BACKGROUND: Pregnant women affected by female genital mutilation/cutting are at risk of adverse maternal outcomes compared to unaffected women, and sometimes require procedures to facilitate giving birth that midwives and doctors do not routinely perform. These women require culturally sensitive care. Current health professional literature provides evidence that midwives and doctors need further knowledge and training in this area. AIMS: This audit aimed to describe the demographic characteristics of pregnant women with female genital mutilation/cutting giving birth at two Perth maternity units, in addition to assessing health provider compliance with the local female genital mutilation/cutting Clinical Guideline. MATERIALS AND METHODS: The clinical database used by public maternity units in Western Australia was used to identify affected women who gave birth during 2014 at King Edward Memorial Hospital or Osborne Park Hospital. Demographic characteristics and information about antenatal care and maternal outcomes were collected. RESULTS: 53 women fulfilled the audit criteria. Prevalence of pregnant women with female genital mutilation/cutting varied from 0.33% to 2.18% between the two units. Compliance with the Female Genital Mutilation/Cutting Clinical Guideline was generally suboptimal. While no woman was deinfibulated antenatally, 26% of women required intrapartum deinfibulation to give birth. CONCLUSIONS: Women with female genital mutilation/cutting make up more than 2% of the antenatal population in some Perth metropolitan maternity units. Health care provider knowledge of, and compliance with, the Female Genital Mutilation/Cutting Clinical Guideline was poor in the two units studied. It appears that healthcare professionals need more education and training to provide affected women with the best care.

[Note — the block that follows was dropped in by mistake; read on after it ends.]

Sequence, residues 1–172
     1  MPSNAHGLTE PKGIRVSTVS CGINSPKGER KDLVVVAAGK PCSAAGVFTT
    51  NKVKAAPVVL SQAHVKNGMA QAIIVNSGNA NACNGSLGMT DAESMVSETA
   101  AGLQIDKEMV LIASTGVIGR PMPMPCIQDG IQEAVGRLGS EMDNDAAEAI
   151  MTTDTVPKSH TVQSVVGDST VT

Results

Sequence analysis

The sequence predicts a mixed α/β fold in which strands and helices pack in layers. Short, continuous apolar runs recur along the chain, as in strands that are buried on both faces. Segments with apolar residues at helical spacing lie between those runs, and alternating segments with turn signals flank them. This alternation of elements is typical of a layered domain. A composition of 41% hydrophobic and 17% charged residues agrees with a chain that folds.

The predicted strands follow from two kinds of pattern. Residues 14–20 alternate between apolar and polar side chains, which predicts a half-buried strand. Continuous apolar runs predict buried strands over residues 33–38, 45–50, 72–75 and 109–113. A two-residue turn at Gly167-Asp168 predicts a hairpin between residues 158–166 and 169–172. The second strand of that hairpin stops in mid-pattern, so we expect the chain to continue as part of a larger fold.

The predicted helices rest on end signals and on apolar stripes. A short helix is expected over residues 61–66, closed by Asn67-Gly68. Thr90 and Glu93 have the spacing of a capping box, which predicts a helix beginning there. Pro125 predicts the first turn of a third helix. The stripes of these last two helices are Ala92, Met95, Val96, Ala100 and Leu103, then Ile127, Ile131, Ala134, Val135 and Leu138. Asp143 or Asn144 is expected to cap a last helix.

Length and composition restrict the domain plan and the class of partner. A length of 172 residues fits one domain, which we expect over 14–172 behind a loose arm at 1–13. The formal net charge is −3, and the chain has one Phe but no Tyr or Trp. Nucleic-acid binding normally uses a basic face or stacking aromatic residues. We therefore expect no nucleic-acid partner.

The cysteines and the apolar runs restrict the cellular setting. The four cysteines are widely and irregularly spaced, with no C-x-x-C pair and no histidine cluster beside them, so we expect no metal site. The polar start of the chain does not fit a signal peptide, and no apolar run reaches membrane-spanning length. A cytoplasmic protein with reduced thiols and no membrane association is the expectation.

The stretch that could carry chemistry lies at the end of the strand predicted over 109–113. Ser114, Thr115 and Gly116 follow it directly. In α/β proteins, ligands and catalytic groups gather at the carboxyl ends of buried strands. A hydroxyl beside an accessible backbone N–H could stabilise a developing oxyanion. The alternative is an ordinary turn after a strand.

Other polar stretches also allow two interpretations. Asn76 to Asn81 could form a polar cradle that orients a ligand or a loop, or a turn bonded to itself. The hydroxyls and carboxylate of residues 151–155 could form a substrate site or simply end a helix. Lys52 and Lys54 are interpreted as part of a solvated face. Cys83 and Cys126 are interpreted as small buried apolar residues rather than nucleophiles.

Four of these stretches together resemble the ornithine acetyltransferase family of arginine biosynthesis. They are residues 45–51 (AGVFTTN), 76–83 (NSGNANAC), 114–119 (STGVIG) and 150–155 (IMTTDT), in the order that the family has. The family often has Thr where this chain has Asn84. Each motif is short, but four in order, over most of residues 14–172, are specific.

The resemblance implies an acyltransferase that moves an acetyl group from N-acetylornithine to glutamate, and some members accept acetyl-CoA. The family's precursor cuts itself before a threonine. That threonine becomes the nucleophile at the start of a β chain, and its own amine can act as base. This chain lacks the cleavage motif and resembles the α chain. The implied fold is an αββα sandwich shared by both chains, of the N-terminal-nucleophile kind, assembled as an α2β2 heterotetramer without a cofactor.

Assuntos
Circuncisão Feminina/efeitos adversos , Assistência à Saúde Culturalmente Competente , Conhecimentos, Atitudes e Prática em Saúde , Serviços de Saúde Materna/estatística & dados numéricos , Cuidado Pré-Natal/métodos , Adulto , Austrália , Circuncisão Feminina/estatística & dados numéricos , Feminino , Humanos , Auditoria Médica , Parto , Gravidez , Complicações na Gravidez/prevenção & controle , Prevalência , Competência Profissional , Estudos Retrospectivos